Establishing In Vivo Proof of Concept of Brown Adipogenesis Using Approved Drugs

Period of Performance: 06/20/2016 - 05/31/2017

$812K

Phase 2 SBIR

Recipient Firm

Energesis Pharmaceuticals, Inc.
BOSTON, MA 02199
Principal Investigator

Abstract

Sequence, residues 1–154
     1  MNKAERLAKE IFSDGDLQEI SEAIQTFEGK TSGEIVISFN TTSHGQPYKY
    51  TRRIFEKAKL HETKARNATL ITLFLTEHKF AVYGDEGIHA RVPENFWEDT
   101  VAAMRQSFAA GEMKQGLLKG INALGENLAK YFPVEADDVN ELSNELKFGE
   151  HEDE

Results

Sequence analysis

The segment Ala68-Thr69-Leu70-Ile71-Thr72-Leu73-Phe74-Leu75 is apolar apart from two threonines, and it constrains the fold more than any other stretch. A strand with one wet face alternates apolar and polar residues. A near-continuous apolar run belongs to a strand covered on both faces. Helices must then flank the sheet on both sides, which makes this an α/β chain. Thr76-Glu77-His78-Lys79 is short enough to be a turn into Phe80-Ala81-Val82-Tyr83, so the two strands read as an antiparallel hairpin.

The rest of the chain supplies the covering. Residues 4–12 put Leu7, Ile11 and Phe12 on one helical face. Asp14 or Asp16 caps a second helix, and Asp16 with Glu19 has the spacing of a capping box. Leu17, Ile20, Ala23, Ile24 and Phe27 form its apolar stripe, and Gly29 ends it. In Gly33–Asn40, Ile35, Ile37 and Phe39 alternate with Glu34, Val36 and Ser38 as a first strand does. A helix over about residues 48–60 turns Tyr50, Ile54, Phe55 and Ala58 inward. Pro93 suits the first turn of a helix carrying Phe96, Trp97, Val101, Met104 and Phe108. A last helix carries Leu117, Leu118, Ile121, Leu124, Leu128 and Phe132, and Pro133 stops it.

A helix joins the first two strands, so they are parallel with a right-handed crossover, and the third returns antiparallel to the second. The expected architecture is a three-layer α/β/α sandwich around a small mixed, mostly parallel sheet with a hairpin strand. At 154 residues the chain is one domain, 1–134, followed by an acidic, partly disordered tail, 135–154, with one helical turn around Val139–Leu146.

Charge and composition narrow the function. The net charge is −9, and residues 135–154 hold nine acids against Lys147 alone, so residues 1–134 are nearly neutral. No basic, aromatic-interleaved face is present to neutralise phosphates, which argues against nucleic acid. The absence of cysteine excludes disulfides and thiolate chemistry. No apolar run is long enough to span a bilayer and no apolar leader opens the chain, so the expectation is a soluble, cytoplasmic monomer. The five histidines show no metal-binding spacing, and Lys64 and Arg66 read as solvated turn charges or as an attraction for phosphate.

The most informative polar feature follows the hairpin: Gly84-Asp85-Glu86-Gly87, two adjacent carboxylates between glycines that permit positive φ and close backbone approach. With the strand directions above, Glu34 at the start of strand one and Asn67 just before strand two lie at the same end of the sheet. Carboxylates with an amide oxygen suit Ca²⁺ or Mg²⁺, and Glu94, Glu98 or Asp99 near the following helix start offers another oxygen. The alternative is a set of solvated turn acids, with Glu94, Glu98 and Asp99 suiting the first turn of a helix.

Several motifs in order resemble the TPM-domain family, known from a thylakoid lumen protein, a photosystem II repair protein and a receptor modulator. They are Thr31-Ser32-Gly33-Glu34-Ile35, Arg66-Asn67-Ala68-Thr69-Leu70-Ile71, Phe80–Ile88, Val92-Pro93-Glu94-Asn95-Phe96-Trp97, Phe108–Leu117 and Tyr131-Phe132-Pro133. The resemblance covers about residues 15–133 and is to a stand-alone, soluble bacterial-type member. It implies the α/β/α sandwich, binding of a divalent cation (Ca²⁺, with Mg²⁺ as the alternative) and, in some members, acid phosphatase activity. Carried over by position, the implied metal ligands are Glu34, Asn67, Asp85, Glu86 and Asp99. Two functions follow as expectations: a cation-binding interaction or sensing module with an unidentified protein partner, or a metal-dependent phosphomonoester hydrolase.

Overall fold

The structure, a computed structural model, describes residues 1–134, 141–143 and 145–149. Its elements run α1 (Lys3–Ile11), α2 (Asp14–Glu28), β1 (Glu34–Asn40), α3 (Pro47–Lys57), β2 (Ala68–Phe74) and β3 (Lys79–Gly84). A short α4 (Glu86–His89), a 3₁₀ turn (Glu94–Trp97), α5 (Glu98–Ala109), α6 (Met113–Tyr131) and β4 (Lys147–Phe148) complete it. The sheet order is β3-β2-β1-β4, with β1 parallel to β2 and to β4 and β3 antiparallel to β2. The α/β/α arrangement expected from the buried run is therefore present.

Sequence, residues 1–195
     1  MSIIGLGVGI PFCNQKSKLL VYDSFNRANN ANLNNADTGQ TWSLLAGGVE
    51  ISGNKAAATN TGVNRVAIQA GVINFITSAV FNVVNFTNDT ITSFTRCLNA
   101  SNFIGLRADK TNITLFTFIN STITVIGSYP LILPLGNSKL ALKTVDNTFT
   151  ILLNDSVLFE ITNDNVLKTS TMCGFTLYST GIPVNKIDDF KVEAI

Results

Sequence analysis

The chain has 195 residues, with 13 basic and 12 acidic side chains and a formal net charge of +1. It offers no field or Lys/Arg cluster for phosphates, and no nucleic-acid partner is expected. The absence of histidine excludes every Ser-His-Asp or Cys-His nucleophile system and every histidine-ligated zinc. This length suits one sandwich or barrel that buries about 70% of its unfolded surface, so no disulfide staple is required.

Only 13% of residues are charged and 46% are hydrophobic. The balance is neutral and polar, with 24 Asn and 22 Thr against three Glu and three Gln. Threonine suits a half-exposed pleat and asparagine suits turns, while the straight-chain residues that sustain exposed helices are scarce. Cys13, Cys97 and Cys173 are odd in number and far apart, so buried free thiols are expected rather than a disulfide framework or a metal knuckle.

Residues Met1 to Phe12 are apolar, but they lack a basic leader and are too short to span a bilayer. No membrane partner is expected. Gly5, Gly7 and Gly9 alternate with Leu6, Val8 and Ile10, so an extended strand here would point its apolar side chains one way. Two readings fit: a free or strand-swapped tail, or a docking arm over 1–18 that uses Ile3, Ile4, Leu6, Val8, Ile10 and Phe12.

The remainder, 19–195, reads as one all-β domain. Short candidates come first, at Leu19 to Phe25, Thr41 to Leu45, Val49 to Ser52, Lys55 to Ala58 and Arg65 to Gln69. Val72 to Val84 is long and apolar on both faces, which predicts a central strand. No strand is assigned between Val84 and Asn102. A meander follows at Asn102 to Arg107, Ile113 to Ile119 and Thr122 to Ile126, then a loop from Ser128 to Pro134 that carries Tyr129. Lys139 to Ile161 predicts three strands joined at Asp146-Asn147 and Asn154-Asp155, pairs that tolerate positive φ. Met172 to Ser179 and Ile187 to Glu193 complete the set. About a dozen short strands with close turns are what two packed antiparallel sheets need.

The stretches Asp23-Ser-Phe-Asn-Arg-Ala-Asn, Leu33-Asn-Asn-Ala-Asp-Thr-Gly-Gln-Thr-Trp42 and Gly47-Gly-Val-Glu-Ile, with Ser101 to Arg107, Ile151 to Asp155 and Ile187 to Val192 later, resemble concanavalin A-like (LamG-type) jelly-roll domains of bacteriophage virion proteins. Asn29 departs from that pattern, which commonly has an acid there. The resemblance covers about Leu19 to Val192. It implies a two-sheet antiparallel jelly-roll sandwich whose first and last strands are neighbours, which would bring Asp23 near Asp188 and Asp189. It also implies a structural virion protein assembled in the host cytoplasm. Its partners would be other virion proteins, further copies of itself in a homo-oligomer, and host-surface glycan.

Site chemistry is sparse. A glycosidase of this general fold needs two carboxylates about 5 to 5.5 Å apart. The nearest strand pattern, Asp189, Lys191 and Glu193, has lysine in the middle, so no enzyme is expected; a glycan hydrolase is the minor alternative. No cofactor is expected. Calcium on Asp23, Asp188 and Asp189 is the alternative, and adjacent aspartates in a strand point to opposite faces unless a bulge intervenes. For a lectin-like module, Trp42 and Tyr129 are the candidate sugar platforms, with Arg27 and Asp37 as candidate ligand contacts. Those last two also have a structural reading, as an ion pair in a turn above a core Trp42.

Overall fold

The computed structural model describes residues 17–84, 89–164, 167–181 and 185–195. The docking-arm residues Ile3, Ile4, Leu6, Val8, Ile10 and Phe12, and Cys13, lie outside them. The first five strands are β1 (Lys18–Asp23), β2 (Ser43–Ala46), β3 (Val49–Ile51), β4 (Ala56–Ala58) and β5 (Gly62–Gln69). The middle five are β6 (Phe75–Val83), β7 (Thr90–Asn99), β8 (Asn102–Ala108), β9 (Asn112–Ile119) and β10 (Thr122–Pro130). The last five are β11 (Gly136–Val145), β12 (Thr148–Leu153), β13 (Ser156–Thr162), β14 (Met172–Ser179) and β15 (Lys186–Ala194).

? DESCRIPTION (provided by applicant): Obesity has reached epidemic proportions in the U.S. and plays a major role in the development of type 2 diabetes, dyslipidemia, and cardiovascular disease. There remains a very significant need for better non- surgical treatments. While most weight loss agents rely on suppressing appetite to reduce caloric intake, strategies that can safely enhance energy expenditure have the potential to effectively treat obesity. Brown adipose tissue (BAT) is a thermogenic tissue that uniquely expresses mitochondrial UnCoupling Protein-1 (UCP1). This protein dissipates the electrochemical gradient in the mitochondria of brown adipocytes as heat. It is increased upon exposure to low temperatures, and plays an important role in the maintenance of body temperature and energy balance in rodents. BAT is also a flexible tissue that normally enlarges or atrophies over time depending on environmental temperature. In many different rodent models, enhancement of BAT mass has convincingly been shown to lead to weight loss and diabetes resistance. While BAT was until recently thought to be effectively nonexistent in adult humans, data obtained in the past several years with PET imaging show that adults in fact have significant BAT, and that this tissue is functional.Other data demonstrate that the amount of active BAT in individuals is strongly correlated with leanness and that the genetic locus most tightly linked with general obesity causes defective recruitment of new brown adipocytes. Until recently no brown adipocyte stem cell had been identified. We discovered a population of human skeletal muscle-resident brown adipocyte progenitors that under appropriate conditions become fully functional brown adipocytes. Following differentiation these cells have high levels of UCP1 and a very high metabolic rate. Using the progenitors we developed an assay for identifying compounds that recruit new, mature brown adipocytes. We then used this to screen a collection of approved drugs and found several that potently recruit brown adipocytes. These hits were validated with dose response testing. In the proposed work, we aim to further characterize these compounds for potential use as anti-obesity therapeutics. We will evaluate their suitability for development first in vitro, followed by studies in a highly predictive animal model of obesity and insulin resistance. If this work is successful, we plan to rapidly advance into a proof of concept clinical study with a potential brown fat recruiting product candidate for the treatment of obesity and diabetes.